Routt County is a large county in northwest Colorado, encompassing 2,368 square miles of the Elk and Yampa River valleys and the Park Range and Elkhead Mountains. It is bordered by the state of Wyoming to the north, Jackson and Grand Counties to the east, Eagle County to the south, and Rio Blanco and Garfield Counties to the southwest.
Routt County has a population of 24,130. Steamboat Springs, the county seat and largest city, lies in the Yampa valley along US Hwy 40 and is one of the state’s most popular ski destinations. Farther upstream, Colorado State Highway 131 connects the communities of Oak Creek and Yampa. Downstream from Steamboat Springs, the Yampa flows through pasture- and farmland and the communities of Milner and Hayden. Yampa Valley Regional Airport, near Hayden, provides seasonal air service to various parts of the country and year-round service to and from Denver.
Historically, the Routt County area was home to nomadic Ute Indians before the mid-nineteenth century, when gold discoveries near Hahn’s Peak, above the Elk River valley, attracted white prospectors. Ranchers and farmers followed the miners, taking advantage of the area’s fertile river valleys. Routt County was established in 1877 and named for then governor John L. Routt, the first governor of the State of Colorado. The county assumed its current size after the creation of Moffat County in 1911.
The mountains and river valleys of present-day Routt County have a long history of human occupation, dating back to the Paleo-Indian period of nearly 11,000 years ago. Back then, indigenous hunter-gatherers quarried stone for tools at Windy Ridge, which overlooks the divide between North and Middle Park in what is now southeast Routt County.
During the warmer months, the Yampa and Elk valleys drew large amounts of game, including elk, mule deer, and bison. These animals provided the core sustenance for indigenous peoples from the Paleo-Indians of thousands of years ago through the Yampa Utes, who began living in the area by the fifteenth century AD. The Yampas (also known as Yamparikas or Yampaticas) derived their name from the Yampa plant, which has an edible root not unlike a water chestnut. The plant was a staple part of the Utes’ nonmeat diet.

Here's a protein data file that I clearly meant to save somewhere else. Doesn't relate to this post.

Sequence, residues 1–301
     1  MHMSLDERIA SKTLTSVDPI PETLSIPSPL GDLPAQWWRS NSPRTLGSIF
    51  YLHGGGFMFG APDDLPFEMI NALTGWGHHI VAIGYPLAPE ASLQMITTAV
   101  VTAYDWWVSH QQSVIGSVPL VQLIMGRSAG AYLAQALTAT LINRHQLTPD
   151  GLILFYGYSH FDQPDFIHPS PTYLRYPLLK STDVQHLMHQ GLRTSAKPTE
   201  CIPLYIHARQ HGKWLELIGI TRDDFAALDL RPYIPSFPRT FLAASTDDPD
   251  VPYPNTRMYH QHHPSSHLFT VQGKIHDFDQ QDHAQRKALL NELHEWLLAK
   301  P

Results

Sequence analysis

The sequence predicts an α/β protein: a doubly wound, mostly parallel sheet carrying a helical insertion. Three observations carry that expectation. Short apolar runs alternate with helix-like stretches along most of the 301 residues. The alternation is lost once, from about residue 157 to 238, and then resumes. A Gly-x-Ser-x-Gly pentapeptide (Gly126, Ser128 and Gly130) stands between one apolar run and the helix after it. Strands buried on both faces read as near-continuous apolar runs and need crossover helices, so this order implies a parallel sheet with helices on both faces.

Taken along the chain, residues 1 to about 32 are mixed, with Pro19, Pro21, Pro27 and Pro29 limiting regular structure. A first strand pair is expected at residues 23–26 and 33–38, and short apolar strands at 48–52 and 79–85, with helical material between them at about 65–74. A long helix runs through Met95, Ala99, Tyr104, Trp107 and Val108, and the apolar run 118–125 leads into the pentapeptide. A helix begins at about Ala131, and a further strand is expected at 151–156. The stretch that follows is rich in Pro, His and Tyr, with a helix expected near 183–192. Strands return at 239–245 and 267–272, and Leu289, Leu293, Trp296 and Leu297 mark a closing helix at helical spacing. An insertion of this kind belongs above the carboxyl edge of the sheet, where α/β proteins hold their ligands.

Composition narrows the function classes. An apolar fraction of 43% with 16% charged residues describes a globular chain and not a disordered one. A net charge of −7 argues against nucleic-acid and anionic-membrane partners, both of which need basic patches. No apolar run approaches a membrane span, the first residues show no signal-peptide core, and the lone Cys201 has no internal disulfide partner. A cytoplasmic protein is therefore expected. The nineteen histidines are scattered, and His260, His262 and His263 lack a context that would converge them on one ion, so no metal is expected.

Like earlier native peoples, the Utes were hunter-gatherers who followed a seasonal circuit between the high and low country. They spent summers hunting game in the mountains and returned to lower elevations and the shelter of river valleys for the winter. The Utes were also well acquainted with the mineral-rich hot springs near present-day Steamboat Springs, which they visited often to revive both body and spirit. Utes lived in temporary or mobile wooden dwellings, such as wickiups and tipis. The Yampa Utes traveled widely during the year, ranging west into Utah, north into Wyoming, and east to North Park.
Early American Era
The United States acquired the Routt County area as part of the Louisiana Purchase in 1803, though it remained officially unexplored until beaver trappers arrived in the 1820s. One of these early trappers allegedly provided the inspiration for the name of Steamboat Springs, likening the sound of the springs’ water to that of a chugging steamboat. In 1843 and 1845, American explorer John C. Frémont, guided by trapper-turned-scout Kit Carson, traversed the Routt County area to survey a possible railroad route. No route was found, however, and demand for beaver pelts fell off by the 1840s. Irish hunter George Gore followed a Ute trail over what is now Gore Pass in 1855, but white interest in the Yampa valley and the rest of present Routt County largely subsided until the Colorado Gold Rush of 1858–59.
In 1862, a year after Congress created the Colorado Territory, German immigrant Joseph Hahn and two other prospectors headed west from Georgetown in search of the next big gold strike. They made their way over Gore Pass into the Yampa valley and continued up the Elk River, where they found gold in a stream at the base of Hahn’s Peak. The onset of winter forced the group to head back east. Hahn returned to the area with another party in 1865, panned for gold, and again left before winter.
In summer 1866, Hahn brought a third group to the site. Despite an attack by Utes, who killed some pack animals and made off with some of their possessions, the men panned out a decent amount of gold. This time, Hahn and two of his companions—William Doyle and George Way—decided to stay for the winter. In October Way left to get supplies but never returned. After making it through the winter with almost no provisions, Hahn and Doyle began a desperate snowshoe trek toward Empire. The starving men made it as far as Middle Park, where Hahn died and local residents rescued Doyle.
About a year after Hahn met his fate, the federal government brokered the Treaty of 1868, which transferred all Ute lands east of the Continental Divide, as well as the Yampa River valley, to the United States. In return, the Utes were given a large reservation on Colorado’s Western Slope and promised annual payments and supplies, which they would receive at various agencies built throughout the reservation. Having lost the valley that bears their name, the Yampa Utes were to report to the White River Agency near present-day Meeker.